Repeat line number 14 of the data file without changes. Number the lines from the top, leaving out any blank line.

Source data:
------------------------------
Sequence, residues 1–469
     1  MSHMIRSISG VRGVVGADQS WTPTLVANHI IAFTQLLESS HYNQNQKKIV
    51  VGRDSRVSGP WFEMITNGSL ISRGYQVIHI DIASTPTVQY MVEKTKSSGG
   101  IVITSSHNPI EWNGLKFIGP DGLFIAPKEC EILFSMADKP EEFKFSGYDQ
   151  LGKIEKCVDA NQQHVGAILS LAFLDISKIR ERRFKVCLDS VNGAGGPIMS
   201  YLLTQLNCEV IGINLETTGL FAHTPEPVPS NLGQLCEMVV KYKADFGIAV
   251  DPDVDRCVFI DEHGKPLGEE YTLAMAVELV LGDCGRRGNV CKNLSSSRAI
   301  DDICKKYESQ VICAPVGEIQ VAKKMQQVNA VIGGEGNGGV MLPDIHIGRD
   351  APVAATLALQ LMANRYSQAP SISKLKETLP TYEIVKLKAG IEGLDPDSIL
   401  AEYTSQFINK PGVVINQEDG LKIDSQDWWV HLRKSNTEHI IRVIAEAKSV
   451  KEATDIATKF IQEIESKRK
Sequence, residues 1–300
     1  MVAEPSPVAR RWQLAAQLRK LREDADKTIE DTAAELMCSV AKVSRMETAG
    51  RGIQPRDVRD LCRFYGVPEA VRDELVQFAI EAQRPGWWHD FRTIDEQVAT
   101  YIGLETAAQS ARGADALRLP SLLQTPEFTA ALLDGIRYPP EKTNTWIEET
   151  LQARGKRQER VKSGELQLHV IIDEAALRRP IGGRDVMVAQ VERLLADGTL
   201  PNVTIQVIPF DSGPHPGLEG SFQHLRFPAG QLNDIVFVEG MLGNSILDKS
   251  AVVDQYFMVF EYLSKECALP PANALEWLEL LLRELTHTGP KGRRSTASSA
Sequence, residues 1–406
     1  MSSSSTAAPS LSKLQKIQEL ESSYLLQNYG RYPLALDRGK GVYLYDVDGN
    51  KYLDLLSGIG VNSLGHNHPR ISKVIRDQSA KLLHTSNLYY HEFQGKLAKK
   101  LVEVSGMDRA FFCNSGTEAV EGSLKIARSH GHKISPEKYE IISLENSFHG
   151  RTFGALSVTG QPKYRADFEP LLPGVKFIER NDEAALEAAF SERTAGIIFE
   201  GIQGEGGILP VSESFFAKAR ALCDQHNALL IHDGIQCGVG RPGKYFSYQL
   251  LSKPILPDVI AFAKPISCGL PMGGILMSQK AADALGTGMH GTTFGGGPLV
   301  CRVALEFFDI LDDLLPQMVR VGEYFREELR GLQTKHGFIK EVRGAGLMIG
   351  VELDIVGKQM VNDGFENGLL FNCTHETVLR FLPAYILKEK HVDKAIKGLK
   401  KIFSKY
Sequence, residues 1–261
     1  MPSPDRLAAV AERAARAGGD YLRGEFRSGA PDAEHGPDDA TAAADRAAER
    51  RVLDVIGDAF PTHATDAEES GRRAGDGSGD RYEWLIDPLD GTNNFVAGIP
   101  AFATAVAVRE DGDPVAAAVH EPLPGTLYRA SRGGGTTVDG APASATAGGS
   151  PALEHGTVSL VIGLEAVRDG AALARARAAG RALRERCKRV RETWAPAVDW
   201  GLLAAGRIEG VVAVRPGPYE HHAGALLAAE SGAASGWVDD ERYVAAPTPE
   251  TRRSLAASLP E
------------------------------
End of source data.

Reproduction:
    51  RGIQPRDVRD LCRFYGVPEA VRDELVQFAI EAQRPGWWHD FRTIDEQVAT